For anthrax, as with any biological or unknown chemical, you must protect yourself, says Weinman. "Nurses have subscribed to the notion that the patient comes first, and delays in providing treatment — especially if it’s believed to be lifesaving — should be avoided," he notes. Times have changed, and you must protect yourself during this threat of biochemical terrorism, just as you would if caring for a trauma patient with massive external hemorrhage, says Weinman. Universal precautions are a must, he stresses. "This is sufficient to prevent cutaneous cross-contamination, in the event that anthrax spores are present in sufficient quantity and quality on the patient’s clothes or skin," he says.
For more information on anthrax exposure, contact:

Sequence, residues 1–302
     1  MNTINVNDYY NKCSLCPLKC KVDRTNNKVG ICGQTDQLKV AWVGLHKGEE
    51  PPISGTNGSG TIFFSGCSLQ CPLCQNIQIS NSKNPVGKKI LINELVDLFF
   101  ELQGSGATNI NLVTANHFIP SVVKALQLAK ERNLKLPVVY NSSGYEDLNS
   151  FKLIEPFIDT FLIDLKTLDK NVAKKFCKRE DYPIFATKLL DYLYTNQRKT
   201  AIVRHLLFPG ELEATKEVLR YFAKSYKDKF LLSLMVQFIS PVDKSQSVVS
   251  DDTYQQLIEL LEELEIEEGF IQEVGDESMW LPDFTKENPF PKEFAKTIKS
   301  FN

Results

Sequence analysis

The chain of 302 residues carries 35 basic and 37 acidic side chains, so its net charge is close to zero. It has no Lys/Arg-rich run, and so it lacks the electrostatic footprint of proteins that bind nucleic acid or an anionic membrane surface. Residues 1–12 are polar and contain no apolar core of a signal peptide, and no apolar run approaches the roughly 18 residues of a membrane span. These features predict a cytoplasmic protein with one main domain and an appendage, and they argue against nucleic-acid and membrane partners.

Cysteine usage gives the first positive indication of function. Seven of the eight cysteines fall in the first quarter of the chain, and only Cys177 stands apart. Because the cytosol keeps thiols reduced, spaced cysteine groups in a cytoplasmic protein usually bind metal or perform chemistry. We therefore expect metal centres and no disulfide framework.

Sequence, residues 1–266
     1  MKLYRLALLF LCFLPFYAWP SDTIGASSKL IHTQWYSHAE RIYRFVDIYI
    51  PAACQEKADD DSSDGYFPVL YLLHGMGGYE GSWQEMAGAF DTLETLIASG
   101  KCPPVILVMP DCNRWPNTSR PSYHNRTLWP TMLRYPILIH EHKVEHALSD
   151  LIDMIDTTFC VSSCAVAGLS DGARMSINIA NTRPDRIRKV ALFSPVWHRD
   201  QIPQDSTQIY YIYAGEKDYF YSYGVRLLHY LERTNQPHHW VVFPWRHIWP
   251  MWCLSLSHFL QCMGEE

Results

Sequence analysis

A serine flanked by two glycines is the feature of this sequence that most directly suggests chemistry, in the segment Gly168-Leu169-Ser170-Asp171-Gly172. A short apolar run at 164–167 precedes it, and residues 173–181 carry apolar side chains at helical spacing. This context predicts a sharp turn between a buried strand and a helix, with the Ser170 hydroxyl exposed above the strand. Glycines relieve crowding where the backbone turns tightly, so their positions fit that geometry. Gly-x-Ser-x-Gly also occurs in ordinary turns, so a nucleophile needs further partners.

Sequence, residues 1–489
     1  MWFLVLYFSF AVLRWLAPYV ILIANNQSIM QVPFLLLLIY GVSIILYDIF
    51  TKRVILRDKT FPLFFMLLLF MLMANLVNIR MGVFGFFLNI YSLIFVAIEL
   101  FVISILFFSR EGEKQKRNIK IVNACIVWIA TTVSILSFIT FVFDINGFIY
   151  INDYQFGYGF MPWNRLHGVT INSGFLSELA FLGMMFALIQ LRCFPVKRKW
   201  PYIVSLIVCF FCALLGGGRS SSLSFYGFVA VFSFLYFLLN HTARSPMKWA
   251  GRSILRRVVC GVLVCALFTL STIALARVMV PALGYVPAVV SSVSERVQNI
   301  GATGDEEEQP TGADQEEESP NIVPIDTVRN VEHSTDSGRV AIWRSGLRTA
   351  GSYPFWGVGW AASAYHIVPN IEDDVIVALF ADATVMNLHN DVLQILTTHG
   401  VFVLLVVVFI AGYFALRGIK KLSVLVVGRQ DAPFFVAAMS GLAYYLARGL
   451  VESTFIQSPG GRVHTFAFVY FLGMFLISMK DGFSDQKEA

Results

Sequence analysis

• Darlene Bradley, RN, MSN, MAOM, CCRN, CEN, Emergency/Trauma Services, University of California at Irvine Medical Center, 101 The City Drive, Route 128, Orange, CA 92868-3298. Telephone: (714) 456-5248. Fax: (714) 456-5390. E-mail: email@example.com.
• Sharon S. Cohen, RN, MSN, CEN, CCRN, North Broward Hospital District, 1600 S. Andrews Ave., Fort Lauderdale, FL 33316. Telephone: (954) 355-4990. Fax: (954) 468-5270. E-mail: firstname.lastname@example.org.
• Steve Weinman, RN, BSN, CEN, Office of Continuing Medical Education and the Center for Nursing Education, Excerpta Medica, 105 Raider Blvd., Suite 101, Hillsborough, NJ 08844. Telephone: (908) 281-3651. Fax: (908) 874-5633. E-mail: RescSteve@aol.com.
• The American Hospital Association (AHA) in Chicago has issued an advisory to address the problem of large numbers of people seeking anthrax testing at EDs. The bulletin includes a document from the Department of Health and Human Services answering common questions about anthrax prevention and treatment. The bulletin is on the AHA web site (www.aha.org). Click on "Disaster Readiness," and then click on "Advocacy" and scroll down to "Readiness Bulletin: What to tell your community about anthrax" that was issued Oct. 19, 2001.